The beginnings of Bronstein Week
Gould explains tradition's origin
Published: Monday, March 26, 2012
Updated: Monday, March 26, 2012 17:03
In the years since I left Brandeis, I imagine much has been written about Bronstein Day or Bronstein Weekend. To honor the 20th anniversary of the first Bronstein celebration, let me tell you here the true story of the festival’s origin.
Leo Bronstein was my teacher. For me and for hundreds of other students, many of whom had no prior interest in art history, it was a special experience, an hour of grace, to sit in his darkened classroom while images of Rembrandt paintings or ancient Hindu stone carvings shone on the slide screen, and his voice, heavily accented, Russian, Jewish, Spanish, French, intoned stock Bronsteinian phrases like “this unseizable totality,” or “the deerness of the deer.” For some of us, the cosmic consciousness inherent in his teaching dovetailed with our drug experiences of those years. For most of us, the challenge was vaster, deeper: to incorporate the work and human aspirations of these long-dead painters and sculptors into our own lives.
Many of us were devoted to Leo for various reasons. His intense humility stood in contrast to the arrogance displayed by many teachers and students. His atmosphere of asexuality was a relief on a college campus. His pacifism affected us: it was a time of war–in Vietnam, in Israel. Jon Landau (now Bruce Springsteen’s manager) wrote in his rock-and-roll history of the 60’s that “an obscene personality cult surrounded Bronstein.” I would call it now, as I did then, respect and love for a man we allowed to teach us.
It was January 1967. I was having lunch at Dr. Allen Grossman’s house. He said, “Peter, somebody should do something nice for Leo. He is retiring this year.” The instant he said this, a vision of the Usen Castle courtyard done up as a medieval scene sprang into my mind. “I have an idea,” I said. “I think it will work.”
I called my friend Clif Trolin, who is now a Jewish liturgical mime practicing in California. I said, “Clif, you’re a good organizer—I am not. Let’s hold a medieval pageant for Leo. Let’s do it in the Castle courtyard. Let’s serve wine from giant goatskins; let’s roast an ox on a spit. Hire dancers and acrobats. Get in touch with the old Italian wandering hurdy-gurdy man on Salem Street in the North End. Where can we get …”
Clif made that festival happen. Somehow we found a pick-up truck big enough to bring that giant hurdy-gurdy out to Waltham. What an instrument that was! You can still see it, not for sale, in an antique store in Brookline Village. Wine and other recreational substances flowed in the Castle yard from the dawning of that day. A ’67 Mustang was decked with a unicorn’s head and streamers and drove to Cambridge to pick up Leo Bronstein. Afternoon classes were cancelled. The ox turned on the spit. In those days there were no jugglers and acrobats. But some were found. They tumbled in the courtyard. Renaissance instruments played in camerata. Someone raided a garbage shed; 20 empty drums were rolled out and turned over; tree limbs were brought in; we pounded the drums and ecstatic music filled the campus. The Dionysian element of medieval May festivals showed its face: Greek olives, wine and cheese appeared, donated by Dean Peter Diamondopolous.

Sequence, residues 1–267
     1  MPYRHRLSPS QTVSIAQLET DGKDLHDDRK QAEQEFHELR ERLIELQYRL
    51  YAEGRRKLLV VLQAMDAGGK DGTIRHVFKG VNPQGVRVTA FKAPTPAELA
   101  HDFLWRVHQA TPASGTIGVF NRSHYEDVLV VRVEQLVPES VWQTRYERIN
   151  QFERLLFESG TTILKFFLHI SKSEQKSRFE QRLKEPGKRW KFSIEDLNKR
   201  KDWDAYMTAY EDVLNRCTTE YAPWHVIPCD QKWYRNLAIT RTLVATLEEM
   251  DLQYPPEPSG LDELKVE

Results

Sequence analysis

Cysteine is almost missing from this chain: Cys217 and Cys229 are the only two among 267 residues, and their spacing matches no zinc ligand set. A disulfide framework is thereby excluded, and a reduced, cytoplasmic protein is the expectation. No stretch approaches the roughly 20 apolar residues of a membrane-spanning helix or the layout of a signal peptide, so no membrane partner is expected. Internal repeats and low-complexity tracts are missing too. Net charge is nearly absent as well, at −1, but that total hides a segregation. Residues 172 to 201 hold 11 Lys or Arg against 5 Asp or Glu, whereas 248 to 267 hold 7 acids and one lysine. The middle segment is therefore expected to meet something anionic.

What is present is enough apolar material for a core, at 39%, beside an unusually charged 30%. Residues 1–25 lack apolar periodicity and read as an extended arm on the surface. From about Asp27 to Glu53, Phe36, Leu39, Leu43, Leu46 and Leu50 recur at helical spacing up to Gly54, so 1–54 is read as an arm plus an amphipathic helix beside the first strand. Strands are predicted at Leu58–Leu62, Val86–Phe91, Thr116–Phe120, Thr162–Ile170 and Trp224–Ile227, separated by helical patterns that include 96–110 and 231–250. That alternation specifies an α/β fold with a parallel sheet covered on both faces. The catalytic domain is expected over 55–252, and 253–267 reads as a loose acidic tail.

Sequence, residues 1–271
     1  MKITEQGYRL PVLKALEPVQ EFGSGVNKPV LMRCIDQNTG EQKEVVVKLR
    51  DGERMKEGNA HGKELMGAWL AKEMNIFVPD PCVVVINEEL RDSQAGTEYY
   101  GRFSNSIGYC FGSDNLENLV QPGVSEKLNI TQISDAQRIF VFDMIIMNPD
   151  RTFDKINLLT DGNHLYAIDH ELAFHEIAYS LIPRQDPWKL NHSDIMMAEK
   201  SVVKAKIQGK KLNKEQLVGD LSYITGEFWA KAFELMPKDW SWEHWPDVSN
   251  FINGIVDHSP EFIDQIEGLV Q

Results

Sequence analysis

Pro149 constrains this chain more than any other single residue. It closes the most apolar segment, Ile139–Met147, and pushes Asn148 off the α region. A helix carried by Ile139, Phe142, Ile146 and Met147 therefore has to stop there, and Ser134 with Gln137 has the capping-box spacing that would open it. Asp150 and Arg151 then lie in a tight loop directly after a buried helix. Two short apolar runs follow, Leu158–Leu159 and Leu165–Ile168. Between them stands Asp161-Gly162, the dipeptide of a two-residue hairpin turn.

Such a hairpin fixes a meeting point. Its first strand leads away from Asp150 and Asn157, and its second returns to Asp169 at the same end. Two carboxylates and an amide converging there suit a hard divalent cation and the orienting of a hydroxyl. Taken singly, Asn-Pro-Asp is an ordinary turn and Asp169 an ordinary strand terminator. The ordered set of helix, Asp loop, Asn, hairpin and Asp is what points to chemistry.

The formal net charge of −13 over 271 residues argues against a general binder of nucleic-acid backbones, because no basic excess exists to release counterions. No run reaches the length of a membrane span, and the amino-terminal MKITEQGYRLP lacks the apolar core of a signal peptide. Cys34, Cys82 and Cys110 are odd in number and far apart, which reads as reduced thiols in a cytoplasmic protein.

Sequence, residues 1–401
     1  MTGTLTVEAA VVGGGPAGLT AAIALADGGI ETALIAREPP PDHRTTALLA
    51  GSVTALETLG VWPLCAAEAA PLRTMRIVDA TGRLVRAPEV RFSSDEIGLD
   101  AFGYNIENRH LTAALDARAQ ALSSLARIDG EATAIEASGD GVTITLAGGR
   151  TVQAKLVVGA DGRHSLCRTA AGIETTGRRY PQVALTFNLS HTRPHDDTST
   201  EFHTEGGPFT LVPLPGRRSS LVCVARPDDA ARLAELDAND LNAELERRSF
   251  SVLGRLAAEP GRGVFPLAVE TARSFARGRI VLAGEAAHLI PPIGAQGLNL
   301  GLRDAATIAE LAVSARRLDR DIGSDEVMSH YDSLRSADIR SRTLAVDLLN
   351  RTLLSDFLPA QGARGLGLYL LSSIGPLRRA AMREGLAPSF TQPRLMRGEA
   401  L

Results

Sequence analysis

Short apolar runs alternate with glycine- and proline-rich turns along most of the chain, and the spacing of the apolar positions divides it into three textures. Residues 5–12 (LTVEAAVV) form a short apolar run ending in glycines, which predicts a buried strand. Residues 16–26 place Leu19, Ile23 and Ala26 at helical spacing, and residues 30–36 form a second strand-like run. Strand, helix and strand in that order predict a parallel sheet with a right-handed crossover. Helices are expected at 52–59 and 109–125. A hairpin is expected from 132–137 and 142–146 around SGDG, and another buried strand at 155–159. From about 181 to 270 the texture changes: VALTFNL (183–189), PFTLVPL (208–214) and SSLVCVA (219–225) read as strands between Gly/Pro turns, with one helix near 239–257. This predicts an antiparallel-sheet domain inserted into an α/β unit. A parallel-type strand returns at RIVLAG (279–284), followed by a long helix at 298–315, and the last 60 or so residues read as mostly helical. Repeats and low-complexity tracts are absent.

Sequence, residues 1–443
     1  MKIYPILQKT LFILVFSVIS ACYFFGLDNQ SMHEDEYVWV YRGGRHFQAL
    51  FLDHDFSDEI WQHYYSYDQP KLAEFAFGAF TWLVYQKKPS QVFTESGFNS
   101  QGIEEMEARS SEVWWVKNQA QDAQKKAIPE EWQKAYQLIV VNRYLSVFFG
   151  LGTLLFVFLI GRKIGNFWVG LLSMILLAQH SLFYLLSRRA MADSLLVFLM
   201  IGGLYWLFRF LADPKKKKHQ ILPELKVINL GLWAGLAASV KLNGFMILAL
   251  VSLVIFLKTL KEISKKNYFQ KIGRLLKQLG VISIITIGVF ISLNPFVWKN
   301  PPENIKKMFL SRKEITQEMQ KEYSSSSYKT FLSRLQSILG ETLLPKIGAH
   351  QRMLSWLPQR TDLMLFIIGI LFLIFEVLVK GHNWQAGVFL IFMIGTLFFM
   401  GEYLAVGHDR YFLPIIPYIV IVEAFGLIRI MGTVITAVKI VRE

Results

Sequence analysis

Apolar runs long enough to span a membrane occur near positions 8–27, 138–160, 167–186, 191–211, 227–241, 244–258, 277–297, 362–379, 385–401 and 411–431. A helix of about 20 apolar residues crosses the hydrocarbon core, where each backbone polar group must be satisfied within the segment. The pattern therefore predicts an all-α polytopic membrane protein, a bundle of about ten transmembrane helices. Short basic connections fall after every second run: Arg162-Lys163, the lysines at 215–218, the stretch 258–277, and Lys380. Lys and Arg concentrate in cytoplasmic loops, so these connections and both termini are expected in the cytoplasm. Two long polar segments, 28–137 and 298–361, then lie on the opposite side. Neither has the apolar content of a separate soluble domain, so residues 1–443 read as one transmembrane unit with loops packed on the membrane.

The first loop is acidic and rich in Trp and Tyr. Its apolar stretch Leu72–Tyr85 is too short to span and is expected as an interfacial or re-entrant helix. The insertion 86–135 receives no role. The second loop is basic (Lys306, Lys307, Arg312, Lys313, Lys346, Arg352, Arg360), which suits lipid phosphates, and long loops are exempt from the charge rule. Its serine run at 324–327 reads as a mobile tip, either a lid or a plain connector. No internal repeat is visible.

When the unicornmobile wheeled Leo into the midst of the already-bubbling event, he could not fathom that it was in his honor. Nor did he identify with the “Professor of the Year” award he had just won. But he received, with understanding, embraces from many students and teachers who had never paused to thank him before.
That was 20 years ago. Other people’s memories of that day would flesh out mine. It was a great party. We drove Leo back to his apartment before the rain came, dousing the fire under the long-since empty barbecue. I threw up, many times, in my Waltham digs, and soothed my belly with the cheapest grade of sherbert from the Waltham supermarket. Part of the crowd gravitated to downtown Boston where a Sack theater was offering free admission to some new movie. The theater overflowed; there was a riot; some draft cards were burned; some people were arrested. The next morning in the Castle courtyard, wet crepe paper hung from the stone windowsills, and 20 half-filled garbage drums stood scattered among the puddles. Campus dogs chewed on big bones. The first Bronstein Day was history.
Leo Bronstein’s classroom insights about art and artists–Islamic, Chinese, Indian, medieval European–are a part of what I know. He labored after his retirement that year on writings which are difficult to read. On a pilgrimage to Europe, I believe in 1975, he returned to where he had been found, many years ago, as an orphan. His eyes were failing. He was dazzled by the fabulous Grunewald altarpiece in Strasbourg. Walking out of the dark church into the afternoon glare, he never saw the motorcycle hurtling at him down the street.
Editor’s note: Peter Gould is a professor in the Peace, Conflict and Coexistence Department.